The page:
For all the talk in the US about rising income inequality and the fatcats who make up the 1%, America seems blind to a more prevalent disparity: the upper middle class and all those below them. British transplant Richard Reeves writes in the New York Times that he was surprised to learn upon moving here "that the United States is more calcified by class than Britain, especially toward the top." He's talking about households that make at least $200,000, roughly the top 20%. Under the jarring headline of "Stop Pretending You're Not Rich," Reeves makes his main point: "The rhetoric of 'We are the 99 percent' has in fact been dangerously self-serving, allowing people with healthy six-figure incomes to convince themselves that they are somehow in the same economic boat as ordinary Americans, and that it is just the so-called super rich who are to blame for inequality."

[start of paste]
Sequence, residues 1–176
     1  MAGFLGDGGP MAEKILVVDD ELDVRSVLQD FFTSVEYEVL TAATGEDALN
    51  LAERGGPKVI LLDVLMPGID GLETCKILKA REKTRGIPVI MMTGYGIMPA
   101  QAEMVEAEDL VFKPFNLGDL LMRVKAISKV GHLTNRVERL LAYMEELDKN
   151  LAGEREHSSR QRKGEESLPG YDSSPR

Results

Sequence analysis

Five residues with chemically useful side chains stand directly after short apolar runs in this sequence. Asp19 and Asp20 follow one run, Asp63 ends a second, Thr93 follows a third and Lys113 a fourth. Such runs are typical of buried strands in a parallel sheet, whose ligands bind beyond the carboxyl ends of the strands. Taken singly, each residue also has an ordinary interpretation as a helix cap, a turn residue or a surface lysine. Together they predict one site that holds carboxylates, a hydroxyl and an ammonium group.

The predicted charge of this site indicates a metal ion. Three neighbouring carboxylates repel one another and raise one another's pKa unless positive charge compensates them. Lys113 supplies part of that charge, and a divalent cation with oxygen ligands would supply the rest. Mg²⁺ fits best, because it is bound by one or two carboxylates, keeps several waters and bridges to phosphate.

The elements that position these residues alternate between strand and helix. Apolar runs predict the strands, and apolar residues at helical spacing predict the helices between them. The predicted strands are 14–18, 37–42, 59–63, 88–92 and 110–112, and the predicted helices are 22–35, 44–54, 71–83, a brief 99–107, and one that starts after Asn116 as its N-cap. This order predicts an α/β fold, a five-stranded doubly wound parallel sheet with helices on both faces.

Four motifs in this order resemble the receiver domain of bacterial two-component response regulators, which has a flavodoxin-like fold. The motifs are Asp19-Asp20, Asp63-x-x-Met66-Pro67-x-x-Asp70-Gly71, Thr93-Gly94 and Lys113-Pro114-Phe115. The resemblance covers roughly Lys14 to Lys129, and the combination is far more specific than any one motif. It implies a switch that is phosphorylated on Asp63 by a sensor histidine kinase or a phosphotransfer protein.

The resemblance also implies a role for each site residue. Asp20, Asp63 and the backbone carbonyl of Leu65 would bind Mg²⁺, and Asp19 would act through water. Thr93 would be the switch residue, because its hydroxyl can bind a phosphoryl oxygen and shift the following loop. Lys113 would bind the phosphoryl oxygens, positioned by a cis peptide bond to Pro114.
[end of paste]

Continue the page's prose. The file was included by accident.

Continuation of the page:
People are quick to talk about the cycle of poverty, but less attention is paid to the other end of the scale. Kids born into the upper middle class usually stay there or move up, or, at worst, move down a bit in the ranks. This happens because their parents "engage in antimeritocratic behavior in order to give their own children a leg up" while, inadvertently, making it difficult for the lower ranks to rise. Think zoning laws designed to make neighborhoods more inclusive that are routinely shot down. Or the US tradition under which it's easier for kids to get into a college if their parents are alums. Or policies such as 529 college savings plans, whose benefits go almost exclusively to richer families. It's a "rigged system" that Americans are in denial about. "We need to raise our consciousness about class," writes Reeves. "And yes, I am looking at you." Click for the full column.